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Deanna McCurdy is currently ranked the #1 off-road triathlete in her age group by USA Triathlon. Last year she won the XTERRA Triathlon Rocky Mountain Region Champion award, was the 1st overall amateur at the XTERRA PanAm Championships/USA Championships and placed 2nd in her age group at XTERRA World Championships in Maui. Most recently Mccurdy was selected to Team USA to compete at the ITU Cross Worlds in Penticton, Canada this coming August.

A 42-year old mother of two, McCurdy’s youngest daughter who is almost nine, has a neurodevelopmental disorder called Angelman Syndrome (AS). She cannot speak, has a seizure disorder, sleep issues, cognitive and developmental delays, as well as balance and coordination issues. She did not take her first steps independently until she was 3 1/2, still cannot run, catch a ball or put on her shoes by herself. Yet, because of the nature of her condition, she is extremely happy, loves everyone she meets and finds joy in little things like splashing around in water or giggling over a handful of rocks. In an effort to help with finding a cure for her daughter’s genetic disorder, McCurdy started and runs a not-for-profit running/triathlon Team Miles for Smiles that supports a charity dedicated to finding a cure for Angelman Syndrome. “I am the founder and head cheerleader for Team Miles for Smiles, a running and triathlon training/fundraising team that supports The Foundation for Angelman Syndrome Therapeutics (FAST). I am so fortunate to have the opportunity to combine my 2 passions, the love of running (and now triathlon) and my daughters.”

A competitive runner since high school and college days, McCurdy said “Running is part of who I am. It is simple, something almost anyone can do, but at the same time, it is both physically and mentally challenging. The reality is, we don’t have to do this, most of us don’t get paid to do this, but we do it because we love the challenge. We love overcoming obstacles that we once thought impossible. We love testing ourselves and seeing what we are made of. We love that pain because the pain we feel when we push ourselves really is so much easier to deal with than what so many others battle each and every day.”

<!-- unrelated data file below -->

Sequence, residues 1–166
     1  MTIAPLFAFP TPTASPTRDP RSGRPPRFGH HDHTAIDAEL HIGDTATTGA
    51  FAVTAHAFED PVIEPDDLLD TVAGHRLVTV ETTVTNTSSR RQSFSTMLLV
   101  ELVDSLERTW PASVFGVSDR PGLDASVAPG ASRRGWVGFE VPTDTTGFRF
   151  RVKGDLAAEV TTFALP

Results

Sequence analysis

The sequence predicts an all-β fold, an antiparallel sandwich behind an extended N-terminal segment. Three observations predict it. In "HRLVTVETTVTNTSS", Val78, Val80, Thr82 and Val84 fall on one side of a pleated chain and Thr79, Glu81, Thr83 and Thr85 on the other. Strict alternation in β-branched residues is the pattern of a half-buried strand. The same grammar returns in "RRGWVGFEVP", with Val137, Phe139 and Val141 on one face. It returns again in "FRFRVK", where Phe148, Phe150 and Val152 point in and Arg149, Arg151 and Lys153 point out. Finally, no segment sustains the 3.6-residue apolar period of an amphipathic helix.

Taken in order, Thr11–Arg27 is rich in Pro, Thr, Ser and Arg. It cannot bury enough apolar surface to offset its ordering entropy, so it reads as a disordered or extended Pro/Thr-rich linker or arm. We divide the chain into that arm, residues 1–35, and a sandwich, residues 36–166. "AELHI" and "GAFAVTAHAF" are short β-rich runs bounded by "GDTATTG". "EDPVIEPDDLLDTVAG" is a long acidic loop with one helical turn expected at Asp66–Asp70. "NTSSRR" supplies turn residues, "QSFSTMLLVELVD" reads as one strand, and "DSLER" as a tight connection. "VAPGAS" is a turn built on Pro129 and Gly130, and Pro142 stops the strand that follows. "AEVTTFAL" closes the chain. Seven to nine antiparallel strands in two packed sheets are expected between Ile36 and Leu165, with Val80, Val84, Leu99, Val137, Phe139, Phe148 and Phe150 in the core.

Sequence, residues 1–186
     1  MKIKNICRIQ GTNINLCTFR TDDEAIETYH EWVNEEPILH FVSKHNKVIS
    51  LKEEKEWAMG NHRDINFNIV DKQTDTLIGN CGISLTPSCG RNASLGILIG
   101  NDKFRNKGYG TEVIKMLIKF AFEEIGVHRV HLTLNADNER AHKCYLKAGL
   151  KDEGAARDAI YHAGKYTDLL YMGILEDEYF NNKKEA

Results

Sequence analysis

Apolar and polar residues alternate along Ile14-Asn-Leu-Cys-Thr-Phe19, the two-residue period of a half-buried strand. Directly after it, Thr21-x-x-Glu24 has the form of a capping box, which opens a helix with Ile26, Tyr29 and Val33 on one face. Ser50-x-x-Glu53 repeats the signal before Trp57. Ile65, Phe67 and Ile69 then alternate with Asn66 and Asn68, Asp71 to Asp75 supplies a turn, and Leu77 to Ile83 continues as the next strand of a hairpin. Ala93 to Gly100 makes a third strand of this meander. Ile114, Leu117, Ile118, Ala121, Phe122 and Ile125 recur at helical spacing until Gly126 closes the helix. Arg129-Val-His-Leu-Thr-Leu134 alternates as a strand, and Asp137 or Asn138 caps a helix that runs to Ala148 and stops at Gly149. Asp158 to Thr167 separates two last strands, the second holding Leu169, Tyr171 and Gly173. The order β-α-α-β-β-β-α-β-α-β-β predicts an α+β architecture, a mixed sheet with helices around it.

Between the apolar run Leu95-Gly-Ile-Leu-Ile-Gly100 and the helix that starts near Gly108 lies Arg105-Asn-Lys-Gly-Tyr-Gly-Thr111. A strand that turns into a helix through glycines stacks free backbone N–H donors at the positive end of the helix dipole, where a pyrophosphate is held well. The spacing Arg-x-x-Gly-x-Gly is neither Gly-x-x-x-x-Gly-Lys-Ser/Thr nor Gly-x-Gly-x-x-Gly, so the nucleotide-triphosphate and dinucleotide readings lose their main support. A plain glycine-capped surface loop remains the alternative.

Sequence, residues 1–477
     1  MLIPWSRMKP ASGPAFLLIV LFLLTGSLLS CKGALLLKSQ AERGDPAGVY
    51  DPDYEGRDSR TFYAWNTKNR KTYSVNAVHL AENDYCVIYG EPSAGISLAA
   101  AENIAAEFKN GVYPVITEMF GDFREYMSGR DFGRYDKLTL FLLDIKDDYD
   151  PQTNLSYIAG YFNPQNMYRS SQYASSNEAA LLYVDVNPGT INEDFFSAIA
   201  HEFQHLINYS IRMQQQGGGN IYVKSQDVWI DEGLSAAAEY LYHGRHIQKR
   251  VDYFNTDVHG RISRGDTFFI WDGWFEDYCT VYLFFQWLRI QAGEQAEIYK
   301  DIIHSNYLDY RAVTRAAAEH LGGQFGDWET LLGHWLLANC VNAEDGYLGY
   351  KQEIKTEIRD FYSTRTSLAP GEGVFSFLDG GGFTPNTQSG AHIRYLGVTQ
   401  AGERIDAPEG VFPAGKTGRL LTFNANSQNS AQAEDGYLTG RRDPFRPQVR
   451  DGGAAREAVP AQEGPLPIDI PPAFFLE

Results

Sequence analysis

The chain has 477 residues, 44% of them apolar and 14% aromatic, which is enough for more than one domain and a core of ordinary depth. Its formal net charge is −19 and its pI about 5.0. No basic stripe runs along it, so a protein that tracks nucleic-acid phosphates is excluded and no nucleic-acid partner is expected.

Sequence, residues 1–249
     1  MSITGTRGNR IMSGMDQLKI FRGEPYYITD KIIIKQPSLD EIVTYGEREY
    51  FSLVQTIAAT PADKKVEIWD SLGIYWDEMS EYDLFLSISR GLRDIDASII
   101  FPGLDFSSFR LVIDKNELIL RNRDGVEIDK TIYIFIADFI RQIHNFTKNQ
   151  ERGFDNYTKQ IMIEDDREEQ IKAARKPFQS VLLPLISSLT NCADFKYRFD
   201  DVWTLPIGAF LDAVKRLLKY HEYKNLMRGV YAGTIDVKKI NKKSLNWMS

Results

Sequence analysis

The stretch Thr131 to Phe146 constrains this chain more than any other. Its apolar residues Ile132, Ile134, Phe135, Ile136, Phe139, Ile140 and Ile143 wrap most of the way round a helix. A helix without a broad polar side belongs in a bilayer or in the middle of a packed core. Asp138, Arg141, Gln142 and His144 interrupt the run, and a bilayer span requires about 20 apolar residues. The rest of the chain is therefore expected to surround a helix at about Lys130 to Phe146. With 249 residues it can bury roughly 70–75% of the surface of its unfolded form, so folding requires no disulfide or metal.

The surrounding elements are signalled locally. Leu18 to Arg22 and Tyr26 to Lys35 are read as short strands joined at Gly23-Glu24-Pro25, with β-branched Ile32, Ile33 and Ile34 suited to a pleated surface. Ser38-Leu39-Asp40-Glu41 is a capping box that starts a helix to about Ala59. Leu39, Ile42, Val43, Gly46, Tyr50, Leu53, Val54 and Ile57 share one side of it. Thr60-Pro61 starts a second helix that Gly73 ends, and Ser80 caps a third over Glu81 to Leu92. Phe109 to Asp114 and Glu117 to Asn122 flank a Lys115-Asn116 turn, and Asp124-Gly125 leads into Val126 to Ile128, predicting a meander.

“I think that is why I am attracted to triathlon; there are so many life metaphors wrapped up in it.”

In 2011, McCurdy set Ironman 70.3 Augusta as a fundraising goal for her team Miles for Smiles. “It was the first time I had ever asked people to donate money on behalf of a cause I believed passionately about. On race day, I remember thinking ‘there is no way I am slowing down, stopping or giving up with so many people believing in me and cheering me on’. Crossing that finish line was the most incredible feeling.”

“Little did I know it wasn’t the finish, but the start of a journey into the sport of triathlon.”

“Two years later, our journey brought us to Colorado for the inaugural 2014 Ironman Boulder and through the efforts of friends and family who loved us and our cause, raised over $17,000 for our foundation which made that finish line pretty epic in more ways than one.”